Those of us who have had our eyes on Washington, DC in the past several months have seen several attempts by male members of the U.S. Senate to quiet female members. Whether it was Mitch McConnell’s recent attempt to silence Elizabeth Warren in the Jeff Sessions confirmation hearing (“Nevertheless she persisted”), or the more recent attempts to discount the questioning of Senator Kamala Harris (“she’s hysterical”), there is a double standard in the treatment of powerful and outspoken women.

This is not unique to politics. In an article in Elle magazine, Laurie Abraham discussed the negative reactions caused by a female athlete, the WNBA phenom Brittney Griner, who shows professional skills on a par with male players (e.g., she can dunk). Abraham labels this backlash as caused by "MAD" – Masculine Anxiety Disorder – the notion that males seem somehow threatened by a high-achieving woman, particularly in a typically male environment.

Although MAD is in no way a clinical diagnosis or category, I had been searching for a term to explain why I get negative reactions from men when I discuss the research finding that women have higher leadership potential than men. Some of the comments I receive are very misogynistic. Moreover, I also get a similar MAD reaction when I mention that women are outperforming men in college, and are taking on more and more of the leadership positions in universities.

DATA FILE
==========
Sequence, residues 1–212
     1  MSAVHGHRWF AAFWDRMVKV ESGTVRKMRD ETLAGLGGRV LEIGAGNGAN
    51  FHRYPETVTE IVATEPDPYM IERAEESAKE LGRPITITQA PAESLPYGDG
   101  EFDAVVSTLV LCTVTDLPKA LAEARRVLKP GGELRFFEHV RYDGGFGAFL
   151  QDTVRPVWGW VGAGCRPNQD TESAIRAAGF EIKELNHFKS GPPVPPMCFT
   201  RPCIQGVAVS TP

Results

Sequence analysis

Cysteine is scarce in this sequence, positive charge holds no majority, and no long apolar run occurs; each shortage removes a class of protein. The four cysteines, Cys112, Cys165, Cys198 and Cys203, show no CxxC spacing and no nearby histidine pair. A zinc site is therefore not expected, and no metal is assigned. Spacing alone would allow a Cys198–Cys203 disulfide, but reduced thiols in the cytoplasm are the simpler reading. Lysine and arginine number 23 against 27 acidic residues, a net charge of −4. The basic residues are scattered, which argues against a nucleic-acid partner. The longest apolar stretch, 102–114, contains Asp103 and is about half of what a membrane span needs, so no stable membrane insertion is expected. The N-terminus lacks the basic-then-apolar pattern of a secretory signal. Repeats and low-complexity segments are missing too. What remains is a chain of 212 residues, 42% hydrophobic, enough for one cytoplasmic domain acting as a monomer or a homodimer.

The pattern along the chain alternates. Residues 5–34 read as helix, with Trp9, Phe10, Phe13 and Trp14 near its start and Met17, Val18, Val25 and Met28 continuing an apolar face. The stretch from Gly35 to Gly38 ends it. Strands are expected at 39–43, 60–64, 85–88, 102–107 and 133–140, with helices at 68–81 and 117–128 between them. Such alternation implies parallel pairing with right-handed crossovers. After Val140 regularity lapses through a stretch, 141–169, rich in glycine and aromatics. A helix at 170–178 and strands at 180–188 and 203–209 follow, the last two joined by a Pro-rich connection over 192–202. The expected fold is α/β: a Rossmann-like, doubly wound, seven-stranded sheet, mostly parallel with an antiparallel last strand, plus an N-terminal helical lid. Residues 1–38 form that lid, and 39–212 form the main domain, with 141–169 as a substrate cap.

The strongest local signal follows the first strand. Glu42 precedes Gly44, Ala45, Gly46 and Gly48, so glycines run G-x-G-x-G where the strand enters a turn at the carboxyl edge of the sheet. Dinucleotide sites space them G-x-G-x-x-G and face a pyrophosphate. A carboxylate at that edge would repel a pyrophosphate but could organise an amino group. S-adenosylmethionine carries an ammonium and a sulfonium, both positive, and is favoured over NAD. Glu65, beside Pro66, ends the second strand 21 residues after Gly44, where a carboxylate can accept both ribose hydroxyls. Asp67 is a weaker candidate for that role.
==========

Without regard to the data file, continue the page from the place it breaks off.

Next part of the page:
I guess Abraham is as puzzled as I am by the extreme male reactions against high-achieving women, in politics, sports and elsewhere. Here’s an interesting report on a study of males being threatened by a female supervisor, and a link to Abraham’s article on Brittney Griner:

http://www.huffingtonpost.com/entry/men-see-powerful-women-as-threats-to-their-masculinity-says-study_us_55ba33fae4b0b8499b1871a2

http://www.elle.com/life-love/society-career/brittney-griner-profile

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